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TULANE COUNTY, Calif. -- Cousins Samirah Gibson Nieto and Aliya Gibson are members of the federally recognized Tule River Tribe.
Samirah lives on the reservation in rural Southeast Tulare County in California, while Aliya's family lives in Porterville, 13 miles down the mountain.
Despite their long daily commute, the girls remain thankful for the opportunity to play for NU Breed Volleyball Club at a competitive level.
"Life without volleyball would be crazy. Life without sports -- even crazier," Aliya Gibson said. "I personally grew up doing sports. I found my love for volleyball five years ago, and I wouldn't want to stop at it. It makes me happy and makes me want to keep going. I find motivation in it. My coaches are my motivation."
It's an opportunity not available to them on the reservation. Due to many factors such as funding, access, distance and limited resources, club volleyball doesn't exist on the Tule River Reservation.
The Porterville High School sophomores are so passionate about the sport that they are willing to travel to Lindsay, California, about an hour away from their homes.
"That definitely was a different atmosphere. It is a lot more competitive," said Samirah Gibson, who started playing with NU Breed Volleyball a year ago. "NU Breed is a very good place to be ... because they teach you, and you come together as family. It's like a little community."
NU Breed was founded in 2018 by Job and Jana Lara, who said they started with 17 players and zero equipment. Even without balls and nets, Job Lara said he had "nothing but this desire and the dream to start this club."
He said the nets they use now were found in the trash.
"They were all torn out. They were thrown away, and I rescued them." Job said. "That's what we are using today. I bring them out here so that we never, I never, forget where we started from and that what we have now is a lot more than what we started. [It's] also a reminder that if you work hard, good things can happen."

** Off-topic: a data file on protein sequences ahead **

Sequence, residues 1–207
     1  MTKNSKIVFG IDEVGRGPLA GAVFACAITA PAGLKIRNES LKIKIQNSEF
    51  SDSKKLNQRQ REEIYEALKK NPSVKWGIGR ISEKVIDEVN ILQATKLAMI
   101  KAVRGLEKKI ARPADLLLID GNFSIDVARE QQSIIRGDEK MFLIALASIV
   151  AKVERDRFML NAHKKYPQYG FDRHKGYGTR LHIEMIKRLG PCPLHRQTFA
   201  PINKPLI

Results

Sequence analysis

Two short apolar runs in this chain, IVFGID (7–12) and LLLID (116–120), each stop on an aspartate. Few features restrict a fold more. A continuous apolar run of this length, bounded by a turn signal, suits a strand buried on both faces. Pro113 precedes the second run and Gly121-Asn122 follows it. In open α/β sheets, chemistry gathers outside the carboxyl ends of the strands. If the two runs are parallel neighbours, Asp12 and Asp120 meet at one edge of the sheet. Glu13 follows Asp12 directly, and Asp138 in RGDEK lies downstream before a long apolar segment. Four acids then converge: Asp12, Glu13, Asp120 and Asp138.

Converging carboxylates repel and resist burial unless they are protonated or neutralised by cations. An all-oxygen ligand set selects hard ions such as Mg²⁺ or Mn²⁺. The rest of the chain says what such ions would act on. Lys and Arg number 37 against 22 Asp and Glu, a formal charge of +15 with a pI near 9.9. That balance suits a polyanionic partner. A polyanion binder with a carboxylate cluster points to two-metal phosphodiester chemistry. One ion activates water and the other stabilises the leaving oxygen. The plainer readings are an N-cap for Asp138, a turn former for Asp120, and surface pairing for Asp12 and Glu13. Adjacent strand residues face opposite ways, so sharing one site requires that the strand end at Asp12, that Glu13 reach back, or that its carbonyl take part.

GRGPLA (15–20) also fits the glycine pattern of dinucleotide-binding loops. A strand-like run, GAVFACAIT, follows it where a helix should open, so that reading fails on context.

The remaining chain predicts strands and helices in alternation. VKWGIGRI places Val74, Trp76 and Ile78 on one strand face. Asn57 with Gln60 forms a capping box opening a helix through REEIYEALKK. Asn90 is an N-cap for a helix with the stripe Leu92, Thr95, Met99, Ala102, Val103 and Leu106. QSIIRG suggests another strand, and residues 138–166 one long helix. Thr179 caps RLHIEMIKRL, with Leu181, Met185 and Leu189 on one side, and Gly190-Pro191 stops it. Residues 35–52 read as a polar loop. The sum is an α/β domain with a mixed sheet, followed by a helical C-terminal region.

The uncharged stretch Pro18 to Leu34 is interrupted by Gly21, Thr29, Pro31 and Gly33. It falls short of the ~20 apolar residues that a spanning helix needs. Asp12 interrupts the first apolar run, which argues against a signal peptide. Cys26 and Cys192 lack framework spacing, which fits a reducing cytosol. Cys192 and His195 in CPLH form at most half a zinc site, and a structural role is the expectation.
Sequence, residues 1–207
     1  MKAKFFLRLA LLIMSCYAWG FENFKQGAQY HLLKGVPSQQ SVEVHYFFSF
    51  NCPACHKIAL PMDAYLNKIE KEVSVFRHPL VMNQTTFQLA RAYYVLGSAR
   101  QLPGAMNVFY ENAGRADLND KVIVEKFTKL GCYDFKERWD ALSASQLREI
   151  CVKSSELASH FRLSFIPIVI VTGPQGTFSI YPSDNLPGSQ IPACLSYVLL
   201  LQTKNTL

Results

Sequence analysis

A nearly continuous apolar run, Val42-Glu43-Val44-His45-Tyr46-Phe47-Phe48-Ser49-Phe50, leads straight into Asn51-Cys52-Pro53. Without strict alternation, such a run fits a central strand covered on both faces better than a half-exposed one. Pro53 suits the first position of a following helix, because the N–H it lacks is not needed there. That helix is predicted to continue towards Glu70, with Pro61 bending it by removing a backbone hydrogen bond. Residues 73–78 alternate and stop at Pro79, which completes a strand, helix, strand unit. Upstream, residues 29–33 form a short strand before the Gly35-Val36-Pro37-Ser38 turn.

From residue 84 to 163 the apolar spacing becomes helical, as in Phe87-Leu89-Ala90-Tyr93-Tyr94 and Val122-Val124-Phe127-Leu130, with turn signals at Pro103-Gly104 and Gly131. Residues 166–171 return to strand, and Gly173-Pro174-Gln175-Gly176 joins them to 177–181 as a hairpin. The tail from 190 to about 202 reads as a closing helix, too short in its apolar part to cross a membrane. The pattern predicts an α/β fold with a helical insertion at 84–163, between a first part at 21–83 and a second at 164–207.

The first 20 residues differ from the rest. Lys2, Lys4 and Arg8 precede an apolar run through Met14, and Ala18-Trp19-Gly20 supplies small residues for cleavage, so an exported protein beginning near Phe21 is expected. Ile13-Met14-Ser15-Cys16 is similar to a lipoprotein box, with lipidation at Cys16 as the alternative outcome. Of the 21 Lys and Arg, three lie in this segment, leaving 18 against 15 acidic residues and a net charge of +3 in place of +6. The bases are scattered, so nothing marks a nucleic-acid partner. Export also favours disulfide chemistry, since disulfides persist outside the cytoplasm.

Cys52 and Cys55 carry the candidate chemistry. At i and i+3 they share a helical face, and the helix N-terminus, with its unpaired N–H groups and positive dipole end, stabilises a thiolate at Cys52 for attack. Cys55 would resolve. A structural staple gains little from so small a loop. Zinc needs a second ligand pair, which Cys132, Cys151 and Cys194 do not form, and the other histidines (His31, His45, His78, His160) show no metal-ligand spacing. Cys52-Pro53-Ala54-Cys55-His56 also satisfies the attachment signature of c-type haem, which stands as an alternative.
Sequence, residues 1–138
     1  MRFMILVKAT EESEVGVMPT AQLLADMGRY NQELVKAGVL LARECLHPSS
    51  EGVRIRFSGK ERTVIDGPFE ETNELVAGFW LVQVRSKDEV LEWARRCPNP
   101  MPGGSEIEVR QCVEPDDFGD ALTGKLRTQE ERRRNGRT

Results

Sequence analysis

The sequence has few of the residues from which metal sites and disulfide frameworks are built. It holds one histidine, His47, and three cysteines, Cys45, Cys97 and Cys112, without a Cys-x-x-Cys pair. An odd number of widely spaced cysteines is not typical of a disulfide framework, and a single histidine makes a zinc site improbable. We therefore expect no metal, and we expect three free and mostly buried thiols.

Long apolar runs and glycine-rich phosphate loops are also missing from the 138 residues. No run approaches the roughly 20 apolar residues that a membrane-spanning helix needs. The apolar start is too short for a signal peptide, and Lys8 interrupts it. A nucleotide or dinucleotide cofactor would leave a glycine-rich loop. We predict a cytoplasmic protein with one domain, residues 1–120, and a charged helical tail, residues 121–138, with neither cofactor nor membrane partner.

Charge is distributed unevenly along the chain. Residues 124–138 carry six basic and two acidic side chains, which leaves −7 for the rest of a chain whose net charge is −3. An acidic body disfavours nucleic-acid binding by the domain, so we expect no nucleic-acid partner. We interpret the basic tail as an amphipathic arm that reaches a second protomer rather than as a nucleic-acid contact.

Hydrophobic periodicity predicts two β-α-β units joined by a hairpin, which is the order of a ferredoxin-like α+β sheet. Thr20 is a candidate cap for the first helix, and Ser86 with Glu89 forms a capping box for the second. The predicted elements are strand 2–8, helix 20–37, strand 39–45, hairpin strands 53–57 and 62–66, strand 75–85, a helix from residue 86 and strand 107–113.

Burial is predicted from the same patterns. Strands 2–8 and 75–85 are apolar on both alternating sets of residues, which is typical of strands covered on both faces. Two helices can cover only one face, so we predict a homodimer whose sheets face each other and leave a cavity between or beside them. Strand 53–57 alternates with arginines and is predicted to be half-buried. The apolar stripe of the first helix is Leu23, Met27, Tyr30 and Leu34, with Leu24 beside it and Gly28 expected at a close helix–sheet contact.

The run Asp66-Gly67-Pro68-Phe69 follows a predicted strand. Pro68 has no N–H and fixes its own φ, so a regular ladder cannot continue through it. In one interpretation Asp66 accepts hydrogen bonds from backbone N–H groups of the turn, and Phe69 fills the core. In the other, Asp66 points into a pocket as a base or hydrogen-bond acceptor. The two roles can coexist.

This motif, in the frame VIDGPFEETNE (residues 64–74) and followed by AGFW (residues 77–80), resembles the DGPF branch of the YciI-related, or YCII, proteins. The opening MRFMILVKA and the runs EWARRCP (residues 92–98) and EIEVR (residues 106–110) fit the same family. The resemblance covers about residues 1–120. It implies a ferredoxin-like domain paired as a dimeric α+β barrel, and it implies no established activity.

The word of NU Breed traveled quickly within the reservation, Job said.
"One person liked it, and they told somebody else, 'You got to come.' Now we [have] a little over 100 kids in the program," he said.
Aliya, a member of the Tule River's Yokut tribe, said her community keeps culture and traditions alive, like practicing their native language and maintaining life on the reservation.
"I would describe [the reservation] as freeing. You're surrounded by nature, and it's really beautiful," she said.
The girls' cousins, Ramona Innnaeo and Grace Clower, are also NU Breed volleyball players.
"I live about an hour away from where we practice, so it's a long drive and a commute, but we're going to make do with it because I want to play," Ramona said.
"I'm the setter, and Aliya is the middle, and Ramona's our outside hitter. Whenever we need points, I can rely on them. We play for part of it together too, so it's fun back-and-forth." Grace added.
The girls said they are grateful for the opportunity to play and for the pioneers who helped push 1972's Title IX of the Education Amendments, the landmark civil rights law widely known for its strides toward gender equity for women and girls who play sports.
"Title IX means opportunities and a whole new world and being able to do stuff that I know that no girl had been able to do before. I can play and do things that they weren't able to do, and so I'm like doing it for them," Samirah said.
Both Coach Job and Samirah said the country must continue conversations about equality and social justice.
"There are a lot of small conversations, but with ESPN highlighting [Title IX], it really expands the conversation to a much greater area," Job said. "I think it could be the flame that starts another flame and more conversation."
Watch Sofia Carson host "Our America: Fifty50," an ABC Owned Television Stations special commemorating the 50th anniversary of Title IX, on your local ABC station (click here to check local listings) or wherever you stream: Fire TV, Android TV, Apple TV and Roku.